Mr Sokhayouk admitted that the people selected for the program have encountered a lot of anxiety and mental pressure.
There is no psychologist attached to “It’s Not a Dream,” but the team of interviewers, camera people, producers and directors try to talk to participants to ensure they are dealing well with the emotional rollercoaster. They also have a nurse available on call, Ms Sokhayouk said.
Dr Muny Sothara, a psychiatrist with the Transcultural Psychosocial Organization Cambodia, said he generally supports the show, but expressed concern that there was no psychological counseling.
People should be briefed about what exactly is going to happen before, during, and after the show—which would also involve a slower approach to revealing that a member of somebody’s family has been found, Dr Muny said.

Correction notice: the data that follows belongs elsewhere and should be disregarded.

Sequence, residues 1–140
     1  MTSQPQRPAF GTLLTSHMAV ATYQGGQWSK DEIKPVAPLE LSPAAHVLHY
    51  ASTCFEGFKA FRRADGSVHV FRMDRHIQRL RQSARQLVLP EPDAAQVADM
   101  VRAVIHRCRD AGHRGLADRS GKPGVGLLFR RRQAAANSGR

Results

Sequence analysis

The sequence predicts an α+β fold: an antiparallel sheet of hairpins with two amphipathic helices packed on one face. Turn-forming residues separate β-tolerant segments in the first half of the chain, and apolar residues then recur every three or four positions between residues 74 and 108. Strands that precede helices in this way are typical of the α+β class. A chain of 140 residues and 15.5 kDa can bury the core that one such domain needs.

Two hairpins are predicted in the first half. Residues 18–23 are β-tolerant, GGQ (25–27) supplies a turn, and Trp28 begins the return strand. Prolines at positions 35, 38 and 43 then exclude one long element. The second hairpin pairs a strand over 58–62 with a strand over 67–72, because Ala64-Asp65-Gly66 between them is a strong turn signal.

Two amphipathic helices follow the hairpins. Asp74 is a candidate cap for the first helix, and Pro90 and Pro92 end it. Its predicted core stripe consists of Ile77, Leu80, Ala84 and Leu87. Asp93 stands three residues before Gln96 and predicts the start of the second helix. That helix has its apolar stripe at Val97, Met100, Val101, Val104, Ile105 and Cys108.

“In psychology, we have a process of talking to people to reduce their reactions. But maybe [the show] wants to create a surprise moment so there is more emotion and it attracts a bigger audience.
“The process should be well prepared. There should be at least one psychologist on the show to work with them.”
A few weeks after interviewing Mr Sorn, Ms Sokhayouk and her team visited Ms Sam Oeun in her small house, right next to National Road 3 in Kompong Speu province, where an extended roof covered several beds on an open-air deck.
Ms Sam Oeun’s life was just like her brother’s.
Sitting on a bed next to her ailing husband, she recalled the moment she first found out that her brother was still alive: “It was August 8 and I was having lunch with my family. My husband and I were listening to the radio. Suddenly, a voice said my mother’s name, and then my father’s, the names of my sisters, and then mine.”